Elaborating on the identifications frequent in the Brāhmaṇas, Lars Göhler (Reflexion und Ritual in der Pūrvamīmāṃsā, 2011) writes:
Mylius (1976:146) writes that the [identifications in the Brāhmaṇas, E.F.] are based on the desire to systematise reality. The style and formulation of these identifications hint, however, also at a further purpose: The Brahmans did not just ascertain such identities, they conjured up them: in the identifications there is not only an ''is'', but also an ''ought''.
(Mylius (1976:146) schreibt, dass ihnen der Wunsch, die objektive Realität zu systematisieren, zugrunde lag. Stil und Formulierung dieser Identifikationen deuten aber noch auf eine weitere Absicht hin: die Brahmanen haben diese Identitäten nicht nur festgestellt, sie haben sie geschworen: In den Identifikationen findet sich nicht nur ein ''Sein'', sondern auch ein ''Sollen'', Göhler 2011: 20).
This harmonises with the caution against a default ontological interpretation pronounced by Göhler at the beginning of his book. Moreover, it throws some light on the prescriptive approach to the Veda which is typical of Mīmāṃsā. If one focuses on how the Brāhmaṇas and then the speculation on them do not merely describe reality, but rather prescribe how this should be, some of the striking peculiarities of Mīmāṃsā (and of Indian philosophy), such as the complex semantics of artha, meaning at the same time 'object' and 'purpose', become clearer. A little bit later, Göhler convincingly argues that also pramāṇa has in Mīmāṃsā a rather normative meaning (''Damit gehört Pramāṇa eher in die Nähe von Gültigkeitsbegriffen im Sinne von 'normativ gültig' oder 'handlungsverbindlich' '' (Göhler 2011: 36). Even MS 1.1.4, with its rejection of sense perception as instrument to know dharma is audaciously re-interpreted by Göhler from a non-descriptive perspective. The sūtra states that sense perception is animitta. This is usually understood as meaning that it is not the cause of the knowledge of dharma. By contrast, Göhler stresses the ritual background of nimitta and translates as follows: ''it does not promote (a ritual action creating something new)'' ("[…] sie veranlasst nicht (eine rituelle Tätigkeit, die etwas Neues schafft)'', Göhler 2011: 38).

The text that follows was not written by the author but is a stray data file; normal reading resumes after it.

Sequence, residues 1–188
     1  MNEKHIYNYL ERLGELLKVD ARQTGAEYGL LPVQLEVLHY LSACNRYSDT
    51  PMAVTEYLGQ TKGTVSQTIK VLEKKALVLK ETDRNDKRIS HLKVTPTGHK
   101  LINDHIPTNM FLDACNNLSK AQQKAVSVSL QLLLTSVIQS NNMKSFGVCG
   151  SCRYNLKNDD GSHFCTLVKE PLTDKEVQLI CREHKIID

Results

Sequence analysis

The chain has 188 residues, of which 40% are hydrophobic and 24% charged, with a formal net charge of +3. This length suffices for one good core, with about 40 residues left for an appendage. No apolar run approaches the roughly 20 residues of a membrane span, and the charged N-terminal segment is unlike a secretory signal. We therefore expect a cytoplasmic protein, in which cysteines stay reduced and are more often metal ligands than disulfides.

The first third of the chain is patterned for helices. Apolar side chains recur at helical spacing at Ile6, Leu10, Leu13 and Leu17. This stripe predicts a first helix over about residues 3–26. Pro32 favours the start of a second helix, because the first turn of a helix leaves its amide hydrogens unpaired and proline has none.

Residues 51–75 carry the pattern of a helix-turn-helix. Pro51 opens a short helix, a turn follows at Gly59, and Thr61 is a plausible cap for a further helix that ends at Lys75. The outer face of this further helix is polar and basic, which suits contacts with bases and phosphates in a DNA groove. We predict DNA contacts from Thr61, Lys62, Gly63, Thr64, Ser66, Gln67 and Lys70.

In my opinion, the opposition between a descriptive and a prescriptive approach is a fundamental one when looking at Mīmāṃsā and possibly at Indian philosophy in general. A prescriptive meaning, further, cannot be interpreted through a direct-realist lens, insofar as it cannot directly correspond to an external state of affairs already existing at the moment the sentence referring to it is uttered. In other words, this is a further case of a non-ontological approach current in Indian philosophical texts (the topic has been recently discussed in this very interesting post by Jayarava).
What do readers think? Further evidences of non-ontological approaches?